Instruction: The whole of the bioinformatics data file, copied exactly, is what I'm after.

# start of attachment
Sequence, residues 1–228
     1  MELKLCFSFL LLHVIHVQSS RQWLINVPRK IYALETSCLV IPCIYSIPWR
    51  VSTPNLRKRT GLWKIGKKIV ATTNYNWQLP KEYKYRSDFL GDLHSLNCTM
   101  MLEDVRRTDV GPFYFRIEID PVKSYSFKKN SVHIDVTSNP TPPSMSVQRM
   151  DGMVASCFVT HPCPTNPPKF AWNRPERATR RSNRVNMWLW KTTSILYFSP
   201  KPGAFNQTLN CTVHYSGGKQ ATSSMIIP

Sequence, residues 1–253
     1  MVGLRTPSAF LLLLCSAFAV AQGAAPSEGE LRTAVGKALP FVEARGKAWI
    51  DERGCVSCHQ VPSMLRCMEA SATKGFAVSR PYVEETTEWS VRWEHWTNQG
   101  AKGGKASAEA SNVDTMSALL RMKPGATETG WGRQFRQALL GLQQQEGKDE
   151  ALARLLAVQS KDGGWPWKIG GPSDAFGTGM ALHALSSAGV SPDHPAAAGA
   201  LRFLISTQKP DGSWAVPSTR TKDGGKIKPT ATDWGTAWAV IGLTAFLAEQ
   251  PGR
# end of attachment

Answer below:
Sequence, residues 1–228
     1  MELKLCFSFL LLHVIHVQSS RQWLINVPRK IYALETSCLV IPCIYSIPWR
    51  VSTPNLRKRT GLWKIGKKIV ATTNYNWQLP KEYKYRSDFL GDLHSLNCTM
   101  MLEDVRRTDV GPFYFRIEID PVKSYSFKKN SVHIDVTSNP TPPSMSVQRM
   151  DGMVASCFVT HPCPTNPPKF AWNRPERATR RSNRVNMWLW KTTSILYFSP
   201  KPGAFNQTLN CTVHYSGGKQ ATSSMIIP

Sequence, residues 1–253
     1  MVGLRTPSAF LLLLCSAFAV AQGAAPSEGE LRTAVGKALP FVEARGKAWI
    51  DERGCVSCHQ VPSMLRCMEA SATKGFAVSR PYVEETTEWS VRWEHWTNQG
   101  AKGGKASAEA SNVDTMSALL RMKPGATETG WGRQFRQALL GLQQQEGKDE
   151  ALARLLAVQS KDGGWPWKIG GPSDAFGTGM ALHALSSAGV SPDHPAAAGA
   201  LRFLISTQKP DGSWAVPSTR TKDGGKIKPT ATDWGTAWAV IGLTAFLAEQ
   251  PGR